Although perhaps over-emphasised to fill the international week vacuum, reports claim that Tottenham’s contract negotiations with Hugo Lloris and Harry Kane aren’t going as they might have hoped. Or, depending on who you believe, they aren’t really “going” at all: in each case, the club and player are supposedly some distance apart and there is no resolution imminent.
So, it begins.
Contract stand-offs always sound an alarm to supporters. They imagine tables being thumped, crockery being hurled at walls, and vital first-team players storming out of boardrooms while giving the manager and chairman the finger. When these kind of discussions stall or encounter turbulence the drum beat of a transfer-request sounds ominously in the distance.
This isn’t that. Or, at least, there is no real suggestion that either player has any desire to actually leave White Hart Lane, only that they feel underpaid.
And they probably are. Daniel Levy is notoriously frugal and has remained so while wages have rocked skywards. Lloris and Kane are, in their respective positions, among the very best players in the Premier League and, yet, are nowhere near being the best paid. This is an age in which even ordinary talent can bank six figures a week and players – and their representatives – are entitled to be rewarded at market value.
Their recent winless run aside, all has been going well at Tottenham. Mauricio Pochettino has led a young squad on a charge up the table and, having finished third last season, they look capable of mounting some form of challenge again this year. But, rather than just Levy’s dusty wallet, now they are battling enforced financial realities which make sustaining progress a high-wire act.
In a way, this is nothing new. Because of the place Spurs have occupied in the food chain, they have often been left exposed to the vultures. When performances have peaked, stars have typically been stolen away. One of the reasons why they spent much of the last decade banging their head on the glass ceiling between fourth and fifth place is because, for them and other upper mid-level sides, it has been incredibly difficult to improve without becoming vulnerable. The moment a side flickers with promise, the fax machine rumbles and the predatory bids arrive.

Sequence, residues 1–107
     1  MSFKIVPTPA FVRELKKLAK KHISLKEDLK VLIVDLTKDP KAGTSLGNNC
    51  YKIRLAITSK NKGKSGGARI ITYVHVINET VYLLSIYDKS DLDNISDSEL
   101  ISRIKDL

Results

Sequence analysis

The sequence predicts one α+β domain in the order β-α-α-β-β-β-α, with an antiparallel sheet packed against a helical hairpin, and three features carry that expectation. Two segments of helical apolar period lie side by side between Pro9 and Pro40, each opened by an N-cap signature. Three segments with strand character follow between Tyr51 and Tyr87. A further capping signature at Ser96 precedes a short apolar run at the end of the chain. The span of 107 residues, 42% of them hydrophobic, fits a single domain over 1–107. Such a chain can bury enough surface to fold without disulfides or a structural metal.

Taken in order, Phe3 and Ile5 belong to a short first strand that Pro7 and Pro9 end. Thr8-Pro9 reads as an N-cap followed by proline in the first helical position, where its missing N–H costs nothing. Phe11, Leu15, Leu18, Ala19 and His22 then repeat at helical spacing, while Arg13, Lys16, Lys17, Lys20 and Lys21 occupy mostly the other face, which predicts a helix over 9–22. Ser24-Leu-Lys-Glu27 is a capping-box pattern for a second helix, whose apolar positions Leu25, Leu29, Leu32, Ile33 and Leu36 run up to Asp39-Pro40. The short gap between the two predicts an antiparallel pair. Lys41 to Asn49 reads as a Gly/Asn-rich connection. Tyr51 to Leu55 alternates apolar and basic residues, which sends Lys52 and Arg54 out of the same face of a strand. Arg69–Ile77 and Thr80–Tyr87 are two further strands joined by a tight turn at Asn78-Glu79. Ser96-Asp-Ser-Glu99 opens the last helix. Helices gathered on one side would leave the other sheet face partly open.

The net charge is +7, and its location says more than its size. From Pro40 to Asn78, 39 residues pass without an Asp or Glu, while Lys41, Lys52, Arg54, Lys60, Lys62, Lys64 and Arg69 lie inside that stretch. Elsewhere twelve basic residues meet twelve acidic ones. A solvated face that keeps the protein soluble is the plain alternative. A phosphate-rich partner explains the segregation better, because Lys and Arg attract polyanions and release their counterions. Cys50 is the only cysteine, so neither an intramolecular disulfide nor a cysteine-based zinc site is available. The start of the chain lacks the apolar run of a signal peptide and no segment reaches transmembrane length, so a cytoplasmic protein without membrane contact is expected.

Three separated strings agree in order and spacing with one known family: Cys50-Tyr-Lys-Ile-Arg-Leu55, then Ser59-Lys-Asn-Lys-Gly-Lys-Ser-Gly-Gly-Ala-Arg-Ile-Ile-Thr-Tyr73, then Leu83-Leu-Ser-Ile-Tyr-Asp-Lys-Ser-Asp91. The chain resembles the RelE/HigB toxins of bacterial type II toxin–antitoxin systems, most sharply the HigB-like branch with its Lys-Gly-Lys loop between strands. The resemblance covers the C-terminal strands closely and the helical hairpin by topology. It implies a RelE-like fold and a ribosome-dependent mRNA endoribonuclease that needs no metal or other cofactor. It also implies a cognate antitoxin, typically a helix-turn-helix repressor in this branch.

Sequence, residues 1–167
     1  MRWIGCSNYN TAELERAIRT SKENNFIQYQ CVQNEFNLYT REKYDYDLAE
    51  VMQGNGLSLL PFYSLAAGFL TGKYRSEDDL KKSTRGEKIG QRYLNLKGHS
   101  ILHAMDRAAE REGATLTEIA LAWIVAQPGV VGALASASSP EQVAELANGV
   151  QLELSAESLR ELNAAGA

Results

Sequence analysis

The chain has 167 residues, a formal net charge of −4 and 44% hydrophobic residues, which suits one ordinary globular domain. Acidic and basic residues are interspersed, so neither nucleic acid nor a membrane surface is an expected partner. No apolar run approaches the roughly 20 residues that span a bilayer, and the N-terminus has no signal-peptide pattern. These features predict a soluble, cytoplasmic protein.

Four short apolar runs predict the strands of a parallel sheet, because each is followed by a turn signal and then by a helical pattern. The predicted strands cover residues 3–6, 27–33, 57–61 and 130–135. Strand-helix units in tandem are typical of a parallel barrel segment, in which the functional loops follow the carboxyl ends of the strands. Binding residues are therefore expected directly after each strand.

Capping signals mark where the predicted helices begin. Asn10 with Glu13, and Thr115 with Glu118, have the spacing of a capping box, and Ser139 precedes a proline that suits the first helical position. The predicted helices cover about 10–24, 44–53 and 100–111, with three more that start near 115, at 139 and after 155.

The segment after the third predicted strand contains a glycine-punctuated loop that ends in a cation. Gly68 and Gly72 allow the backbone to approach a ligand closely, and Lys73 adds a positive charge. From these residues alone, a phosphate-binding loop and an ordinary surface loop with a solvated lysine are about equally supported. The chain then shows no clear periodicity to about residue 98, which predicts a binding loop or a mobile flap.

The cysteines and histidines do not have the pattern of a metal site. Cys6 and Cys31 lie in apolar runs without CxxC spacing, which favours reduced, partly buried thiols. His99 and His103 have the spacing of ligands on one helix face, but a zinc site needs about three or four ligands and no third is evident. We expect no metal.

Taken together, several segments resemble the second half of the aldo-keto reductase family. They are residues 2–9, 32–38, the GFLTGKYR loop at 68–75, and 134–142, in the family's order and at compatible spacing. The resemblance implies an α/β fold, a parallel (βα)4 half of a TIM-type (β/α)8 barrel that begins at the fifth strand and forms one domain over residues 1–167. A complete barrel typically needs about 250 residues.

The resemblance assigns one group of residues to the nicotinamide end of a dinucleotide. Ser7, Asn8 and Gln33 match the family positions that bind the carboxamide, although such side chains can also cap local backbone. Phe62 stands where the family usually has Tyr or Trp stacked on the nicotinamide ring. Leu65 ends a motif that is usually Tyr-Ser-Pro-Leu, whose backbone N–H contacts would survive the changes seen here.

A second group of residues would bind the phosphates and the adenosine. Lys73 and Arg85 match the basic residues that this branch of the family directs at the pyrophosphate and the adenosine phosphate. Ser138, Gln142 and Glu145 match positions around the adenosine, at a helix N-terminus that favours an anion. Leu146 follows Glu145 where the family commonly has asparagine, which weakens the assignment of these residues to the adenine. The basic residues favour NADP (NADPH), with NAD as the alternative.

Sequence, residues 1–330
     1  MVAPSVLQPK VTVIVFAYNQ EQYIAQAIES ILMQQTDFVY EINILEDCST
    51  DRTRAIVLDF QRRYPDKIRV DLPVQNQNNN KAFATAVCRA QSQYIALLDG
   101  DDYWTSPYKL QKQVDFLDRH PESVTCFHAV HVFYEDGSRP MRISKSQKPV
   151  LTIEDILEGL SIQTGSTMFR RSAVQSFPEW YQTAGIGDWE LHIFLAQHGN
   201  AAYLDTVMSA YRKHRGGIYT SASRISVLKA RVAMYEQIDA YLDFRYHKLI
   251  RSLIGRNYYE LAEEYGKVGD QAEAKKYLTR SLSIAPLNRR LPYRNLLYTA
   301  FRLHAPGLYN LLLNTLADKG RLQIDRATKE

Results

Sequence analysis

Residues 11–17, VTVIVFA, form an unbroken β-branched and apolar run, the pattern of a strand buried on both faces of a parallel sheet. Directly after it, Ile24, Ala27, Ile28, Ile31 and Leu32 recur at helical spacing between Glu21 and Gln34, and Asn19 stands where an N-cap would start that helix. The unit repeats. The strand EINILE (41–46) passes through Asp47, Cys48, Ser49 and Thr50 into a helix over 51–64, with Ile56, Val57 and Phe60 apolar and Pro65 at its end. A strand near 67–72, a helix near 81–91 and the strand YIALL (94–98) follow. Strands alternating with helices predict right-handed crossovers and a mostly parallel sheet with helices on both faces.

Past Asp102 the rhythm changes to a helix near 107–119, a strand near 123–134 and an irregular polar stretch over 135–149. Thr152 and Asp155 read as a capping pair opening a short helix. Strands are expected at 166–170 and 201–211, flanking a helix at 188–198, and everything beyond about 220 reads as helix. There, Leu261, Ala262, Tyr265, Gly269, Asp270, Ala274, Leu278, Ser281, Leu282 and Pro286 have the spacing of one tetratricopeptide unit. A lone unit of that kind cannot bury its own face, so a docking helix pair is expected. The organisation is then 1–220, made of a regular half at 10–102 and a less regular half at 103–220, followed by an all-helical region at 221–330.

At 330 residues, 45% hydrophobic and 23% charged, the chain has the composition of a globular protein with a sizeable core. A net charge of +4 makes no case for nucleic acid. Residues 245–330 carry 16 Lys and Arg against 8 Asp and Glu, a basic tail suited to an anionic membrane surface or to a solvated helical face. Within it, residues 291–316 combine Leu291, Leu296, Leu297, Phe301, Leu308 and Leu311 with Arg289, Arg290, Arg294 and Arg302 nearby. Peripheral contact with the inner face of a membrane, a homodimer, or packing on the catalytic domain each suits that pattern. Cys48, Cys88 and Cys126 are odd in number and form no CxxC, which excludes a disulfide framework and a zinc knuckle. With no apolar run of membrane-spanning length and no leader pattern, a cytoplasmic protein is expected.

Tottenham have been a bigger victim of that reality than any other modern top-flight team. Michael Carrick left at a crucial moment, Dimitar Berbatov was sold to Manchester United, and Luke Modric and Gareth Bale were, of course, plucked like low-hanging fruit by Real Madrid. In each case, it was galling: Levy followed his familiar “not for sale, not for sale, sold” pattern and the team was sent spiralling back into another transitional phase.
Now, the realities are more rigid. The skeleton of the club’s new 61,000 stadium is rising out of the ground and will soon loom over White Hart Lane. “Loom” is the right word, too, because – while it also signifies grand future ambition and a new day of economic liberty – it presents a significant threat to the current trajectory. The ground needs to be financed and built, but the team and the players need to be serviced and placated if Spurs are to move into their new home with any momentum. It’s a perilous balance.
For fans, not so much. Antagonised by the mention of wage-structures and financial responsibility, many perceive their club’s reluctance to pay its stars as an act of obstinance or evidence of a lack of ambition. In Tottenham’s case, however, this stand-off (or mild disagreement) is really a battle of two different sorts of aspiration: short and long-term. The bittersweet irony, is that Spurs have built a side worthy of playing in front of 61,000 fans, but have done so three or four years ahead of schedule. Superficially that’s good news, but it actually creates problems: with improvement, title challenges, and Champions League football comes a new flurry of phone calls from agents and background one-upmanship. Choose to extend one player’s contract and secure his future and, almost certainly, one of his teammates will want to know why he isn’t worth the same. Breaking a wage structure for the sake of appeasement is dangerous, as much because of what it can breed as the monetary strain it can cause. If a chairman makes an exception once, he’ll likely be compelled to make it three or four times 0r, worse, to sanction disruptive sales.
This will be a fascinating period in Spurs’ history. Terrifying, too, and probably occasionally maddening, but still interesting. If Levy is able to lead them into new White Hart Lane (The Starbucks/Uber Dome?) with their current side intact and their progress unchecked, it will comfortably be the most impressive spell of his chairmanship.